Afternoon, and the sirens wail, a blue-red carnival, gore, bone.
Blood rush, fast feet, don't stop. "How old?"
"Eighteen," you hear yourself say.

Evening finds you alone together, hands clasped, a pair.
Him on the white tundra of the bed, you beside in a chair.
Earlier, the rush swallowed your heartbeat in a stream of noise.
But now the silence pricks your ears. The ward is still, now, quiet as the crypt.
And he bleeds.

In the morning, there will be a pilgrimage.
A lost and broken family of teenagers brought together once more, after all.
The first one out of duty.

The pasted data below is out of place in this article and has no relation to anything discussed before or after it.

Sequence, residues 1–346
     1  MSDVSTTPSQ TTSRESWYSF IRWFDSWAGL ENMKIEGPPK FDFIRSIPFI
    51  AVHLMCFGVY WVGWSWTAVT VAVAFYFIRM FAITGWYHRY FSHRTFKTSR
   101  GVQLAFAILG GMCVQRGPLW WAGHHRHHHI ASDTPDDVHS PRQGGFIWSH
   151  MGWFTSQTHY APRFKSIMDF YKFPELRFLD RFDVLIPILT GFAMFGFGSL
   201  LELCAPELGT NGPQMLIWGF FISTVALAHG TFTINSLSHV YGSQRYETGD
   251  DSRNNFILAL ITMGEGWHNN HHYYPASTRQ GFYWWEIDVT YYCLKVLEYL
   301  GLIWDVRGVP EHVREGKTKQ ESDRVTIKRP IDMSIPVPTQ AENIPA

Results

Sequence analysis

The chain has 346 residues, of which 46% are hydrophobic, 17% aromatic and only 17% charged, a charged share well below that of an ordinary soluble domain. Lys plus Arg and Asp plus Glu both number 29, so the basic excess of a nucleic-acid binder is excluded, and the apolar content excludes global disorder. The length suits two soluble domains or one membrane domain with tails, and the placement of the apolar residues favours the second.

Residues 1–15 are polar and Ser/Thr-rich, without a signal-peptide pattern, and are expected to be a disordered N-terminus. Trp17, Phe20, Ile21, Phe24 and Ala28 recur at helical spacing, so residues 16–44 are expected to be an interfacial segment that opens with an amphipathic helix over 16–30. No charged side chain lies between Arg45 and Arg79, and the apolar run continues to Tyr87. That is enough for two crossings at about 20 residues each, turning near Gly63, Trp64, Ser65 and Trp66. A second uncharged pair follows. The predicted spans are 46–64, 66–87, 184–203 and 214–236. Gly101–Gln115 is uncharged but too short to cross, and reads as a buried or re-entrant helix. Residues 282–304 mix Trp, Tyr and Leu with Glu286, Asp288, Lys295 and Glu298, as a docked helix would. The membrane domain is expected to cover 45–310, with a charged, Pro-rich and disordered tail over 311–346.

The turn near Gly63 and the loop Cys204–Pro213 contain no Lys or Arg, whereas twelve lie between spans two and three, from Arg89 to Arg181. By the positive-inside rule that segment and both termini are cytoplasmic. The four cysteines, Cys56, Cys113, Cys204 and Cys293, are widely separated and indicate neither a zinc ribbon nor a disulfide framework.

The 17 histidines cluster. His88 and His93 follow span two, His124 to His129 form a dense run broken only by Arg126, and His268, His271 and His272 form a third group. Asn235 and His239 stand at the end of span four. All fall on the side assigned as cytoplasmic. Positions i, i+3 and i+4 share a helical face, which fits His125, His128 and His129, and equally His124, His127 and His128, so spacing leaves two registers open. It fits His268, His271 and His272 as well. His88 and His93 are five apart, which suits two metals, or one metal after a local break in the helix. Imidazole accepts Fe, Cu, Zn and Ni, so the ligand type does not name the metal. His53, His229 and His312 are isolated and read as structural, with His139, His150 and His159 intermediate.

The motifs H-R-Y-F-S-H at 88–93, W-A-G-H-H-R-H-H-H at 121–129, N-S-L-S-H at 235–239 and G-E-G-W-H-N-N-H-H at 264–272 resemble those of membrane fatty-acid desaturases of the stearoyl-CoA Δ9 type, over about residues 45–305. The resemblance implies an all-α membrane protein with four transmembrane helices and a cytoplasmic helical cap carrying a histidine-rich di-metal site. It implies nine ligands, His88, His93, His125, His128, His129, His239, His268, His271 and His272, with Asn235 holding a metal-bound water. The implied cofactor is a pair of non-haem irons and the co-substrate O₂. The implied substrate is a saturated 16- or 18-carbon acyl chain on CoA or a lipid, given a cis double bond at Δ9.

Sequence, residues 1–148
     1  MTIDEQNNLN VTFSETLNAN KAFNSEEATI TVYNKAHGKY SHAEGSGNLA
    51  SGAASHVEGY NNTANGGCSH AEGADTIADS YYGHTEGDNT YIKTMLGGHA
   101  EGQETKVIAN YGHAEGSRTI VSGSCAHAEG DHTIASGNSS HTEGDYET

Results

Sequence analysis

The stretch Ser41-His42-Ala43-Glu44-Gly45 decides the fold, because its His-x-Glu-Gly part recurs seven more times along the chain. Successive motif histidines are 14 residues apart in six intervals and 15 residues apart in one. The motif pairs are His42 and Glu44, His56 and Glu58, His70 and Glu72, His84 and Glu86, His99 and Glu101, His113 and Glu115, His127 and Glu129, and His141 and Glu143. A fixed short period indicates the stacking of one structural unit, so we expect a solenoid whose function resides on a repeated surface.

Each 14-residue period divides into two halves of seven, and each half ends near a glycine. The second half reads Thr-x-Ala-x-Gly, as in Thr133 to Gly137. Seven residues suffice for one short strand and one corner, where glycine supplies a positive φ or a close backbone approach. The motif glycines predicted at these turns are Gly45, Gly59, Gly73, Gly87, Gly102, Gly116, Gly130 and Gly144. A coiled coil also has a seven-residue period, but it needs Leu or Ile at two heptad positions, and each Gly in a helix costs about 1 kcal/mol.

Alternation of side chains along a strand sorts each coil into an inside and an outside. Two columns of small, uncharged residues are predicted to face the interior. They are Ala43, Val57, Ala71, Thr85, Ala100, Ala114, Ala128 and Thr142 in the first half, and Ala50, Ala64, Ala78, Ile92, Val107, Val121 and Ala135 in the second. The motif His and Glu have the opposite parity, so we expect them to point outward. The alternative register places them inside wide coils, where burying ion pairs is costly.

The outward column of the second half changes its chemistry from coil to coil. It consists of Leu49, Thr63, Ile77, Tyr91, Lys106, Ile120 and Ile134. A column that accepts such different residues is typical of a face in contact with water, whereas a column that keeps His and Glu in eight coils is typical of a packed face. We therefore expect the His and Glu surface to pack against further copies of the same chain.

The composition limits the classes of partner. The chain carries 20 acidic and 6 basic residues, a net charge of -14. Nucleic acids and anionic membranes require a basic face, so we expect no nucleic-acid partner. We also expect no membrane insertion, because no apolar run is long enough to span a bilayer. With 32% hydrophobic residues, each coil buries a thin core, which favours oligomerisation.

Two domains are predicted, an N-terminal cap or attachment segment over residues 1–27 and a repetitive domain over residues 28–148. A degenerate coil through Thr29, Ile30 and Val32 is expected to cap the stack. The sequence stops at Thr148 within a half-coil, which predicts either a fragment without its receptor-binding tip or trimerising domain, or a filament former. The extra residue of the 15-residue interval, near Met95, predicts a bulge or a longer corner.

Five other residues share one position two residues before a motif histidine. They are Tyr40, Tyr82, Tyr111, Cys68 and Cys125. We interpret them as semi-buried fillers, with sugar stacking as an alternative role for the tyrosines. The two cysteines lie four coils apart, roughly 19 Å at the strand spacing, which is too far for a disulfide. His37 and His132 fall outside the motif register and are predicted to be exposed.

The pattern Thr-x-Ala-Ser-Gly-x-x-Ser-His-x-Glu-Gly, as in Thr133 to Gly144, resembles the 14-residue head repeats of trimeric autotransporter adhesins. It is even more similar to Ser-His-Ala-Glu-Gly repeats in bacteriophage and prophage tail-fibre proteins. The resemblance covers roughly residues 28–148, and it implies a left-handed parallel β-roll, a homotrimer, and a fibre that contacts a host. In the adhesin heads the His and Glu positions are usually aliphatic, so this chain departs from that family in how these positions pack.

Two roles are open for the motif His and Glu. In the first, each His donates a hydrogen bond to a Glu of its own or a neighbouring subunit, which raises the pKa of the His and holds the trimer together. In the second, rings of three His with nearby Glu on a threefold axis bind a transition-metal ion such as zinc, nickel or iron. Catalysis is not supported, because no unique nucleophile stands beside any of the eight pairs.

The second for the goodbye – please, not again. Not another one.
Three and Four will be awkward, pained, forced together by circumstance.
Five and Six will hurry, curse the train, afraid of being too late.

But for now, you and him are alone together.
You stare at him,
the lips you've kissed,
the heart you hold,
and wonder how this ever managed to happen.
To you. To him. To us.